The lack of a tumor suppressor gene known as NF2 could tag those patients most likely to respond to an investigational mesothelioma drug, according to a clinical study funded by GlaxoSmithKline ($GSK).
Mesothelioma is a rare form of cancer normally caused by exposure to asbestos, and it progresses quickly, with most patients dying only 9-17 months after diagnosis. Around half of mesothelioma patients have an inactivated form of the NF2 gene. This gene codes for a protein called merlin, which in turn regulates the protein focal adhesion kinase (FAK). People with an inactivated form of NF2 have higher levels of FAK, which means their cancers are more invasive and more likely to spread.
The oral drug code-named GSK2256098 inhibits FAK, and in a Phase I trial that included 29 patients with mesothelioma, it slowed the progression of disease more in patients with higher levels of the merlin protein. These results were presented at the 24th EORTC-NCI-AACR Symposium on Molecular Targets and Cancer Therapeutics in Dublin.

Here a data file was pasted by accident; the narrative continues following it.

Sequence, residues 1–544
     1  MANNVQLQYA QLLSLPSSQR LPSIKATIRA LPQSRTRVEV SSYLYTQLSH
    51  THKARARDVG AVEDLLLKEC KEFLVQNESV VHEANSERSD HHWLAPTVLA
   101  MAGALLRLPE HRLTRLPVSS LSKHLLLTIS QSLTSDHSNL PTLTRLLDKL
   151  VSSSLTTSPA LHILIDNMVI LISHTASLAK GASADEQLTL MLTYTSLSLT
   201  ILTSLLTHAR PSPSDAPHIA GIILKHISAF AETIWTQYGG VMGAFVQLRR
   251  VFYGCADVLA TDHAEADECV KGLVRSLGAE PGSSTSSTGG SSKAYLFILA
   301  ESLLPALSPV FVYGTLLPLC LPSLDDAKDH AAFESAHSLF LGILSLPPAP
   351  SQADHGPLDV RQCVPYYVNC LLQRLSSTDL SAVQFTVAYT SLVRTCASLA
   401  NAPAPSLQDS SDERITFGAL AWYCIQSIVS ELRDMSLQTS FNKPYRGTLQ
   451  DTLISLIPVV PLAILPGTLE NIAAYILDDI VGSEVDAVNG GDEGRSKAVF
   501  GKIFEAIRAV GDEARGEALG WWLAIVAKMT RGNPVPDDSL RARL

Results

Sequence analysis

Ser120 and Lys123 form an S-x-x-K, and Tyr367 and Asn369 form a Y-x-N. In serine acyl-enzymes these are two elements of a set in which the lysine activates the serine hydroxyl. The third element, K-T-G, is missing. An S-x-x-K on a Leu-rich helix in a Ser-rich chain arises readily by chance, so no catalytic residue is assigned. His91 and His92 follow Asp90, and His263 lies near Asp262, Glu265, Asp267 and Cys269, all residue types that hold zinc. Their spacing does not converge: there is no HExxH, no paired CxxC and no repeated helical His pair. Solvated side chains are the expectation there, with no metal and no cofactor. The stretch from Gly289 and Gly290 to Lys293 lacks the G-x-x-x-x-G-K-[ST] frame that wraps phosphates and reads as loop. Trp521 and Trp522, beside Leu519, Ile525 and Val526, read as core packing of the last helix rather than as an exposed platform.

"These findings are important but preliminary," said Jean-Charles Soria of South Paris University in a statement. "They show that merlin is a potential biomarker in mesothelioma that may enable us to identify a subset of patients who could benefit from GSK2256098 and have longer, progression-free survival. Mesothelioma is a deadly disease without many treatment options, and therefore identification of novel and effective therapies is needed."
Merlin could also have potential as a marker in melanoma, or in the central nervous system tumor meningioma. However, these are still very early results, so more and larger clinical trials will be needed before it could be used as a prognostic marker or as a route to new treatments.
- read the press release